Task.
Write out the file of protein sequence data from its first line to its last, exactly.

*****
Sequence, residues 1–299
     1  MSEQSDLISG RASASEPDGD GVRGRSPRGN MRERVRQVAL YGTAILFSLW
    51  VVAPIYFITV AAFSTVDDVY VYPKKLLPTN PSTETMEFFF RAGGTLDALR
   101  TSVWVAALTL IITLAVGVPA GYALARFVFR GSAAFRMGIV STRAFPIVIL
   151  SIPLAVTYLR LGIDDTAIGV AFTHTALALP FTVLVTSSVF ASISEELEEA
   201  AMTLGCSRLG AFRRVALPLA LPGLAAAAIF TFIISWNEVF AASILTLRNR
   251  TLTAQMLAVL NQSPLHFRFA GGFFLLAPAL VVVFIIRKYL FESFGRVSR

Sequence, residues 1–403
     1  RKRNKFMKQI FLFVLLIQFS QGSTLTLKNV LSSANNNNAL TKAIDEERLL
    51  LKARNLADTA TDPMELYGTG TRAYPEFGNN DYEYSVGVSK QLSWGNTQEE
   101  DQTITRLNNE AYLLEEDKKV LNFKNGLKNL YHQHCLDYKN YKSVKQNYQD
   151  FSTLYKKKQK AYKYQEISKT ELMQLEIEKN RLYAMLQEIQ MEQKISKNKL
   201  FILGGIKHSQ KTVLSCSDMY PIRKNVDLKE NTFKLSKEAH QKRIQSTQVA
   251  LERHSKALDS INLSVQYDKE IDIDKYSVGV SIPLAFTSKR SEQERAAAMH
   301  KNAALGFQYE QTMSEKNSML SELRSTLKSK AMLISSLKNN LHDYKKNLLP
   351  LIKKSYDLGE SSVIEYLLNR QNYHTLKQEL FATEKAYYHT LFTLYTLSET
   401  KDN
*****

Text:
Sequence, residues 1–299
     1  MSEQSDLISG RASASEPDGD GVRGRSPRGN MRERVRQVAL YGTAILFSLW
    51  VVAPIYFITV AAFSTVDDVY VYPKKLLPTN PSTETMEFFF RAGGTLDALR
   101  TSVWVAALTL IITLAVGVPA GYALARFVFR GSAAFRMGIV STRAFPIVIL
   151  SIPLAVTYLR LGIDDTAIGV AFTHTALALP FTVLVTSSVF ASISEELEEA
   201  AMTLGCSRLG AFRRVALPLA LPGLAAAAIF TFIISWNEVF AASILTLRNR
   251  TLTAQMLAVL NQSPLHFRFA GGFFLLAPAL VVVFIIRKYL FESFGRVSR

Sequence, residues 1–403
     1  RKRNKFMKQI FLFVLLIQFS QGSTLTLKNV LSSANNNNAL TKAIDEERLL
    51  LKARNLADTA TDPMELYGTG TRAYPEFGNN DYEYSVGVSK QLSWGNTQEE
   101  DQTITRLNNE AYLLEEDKKV LNFKNGLKNL YHQHCLDYKN YKSVKQNYQD
   151  FSTLYKKKQK AYKYQEISKT ELMQLEIEKN RLYAMLQEIQ MEQKISKNKL
   201  FILGGIKHSQ KTVLSCSDMY PIRKNVDLKE NTFKLSKEAH QKRIQSTQVA
   251  LERHSKALDS INLSVQYDKE IDIDKYSVGV SIPLAFTSKR SEQERAAAMH
   301  KNAALGFQYE QTMSEKNSML SELRSTLKSK AMLISSLKNN LHDYKKNLLP
   351  LIKKSYDLGE SSVIEYLLNR QNYHTLKQEL FATEKAYYHT LFTLYTLSET
   401  KDN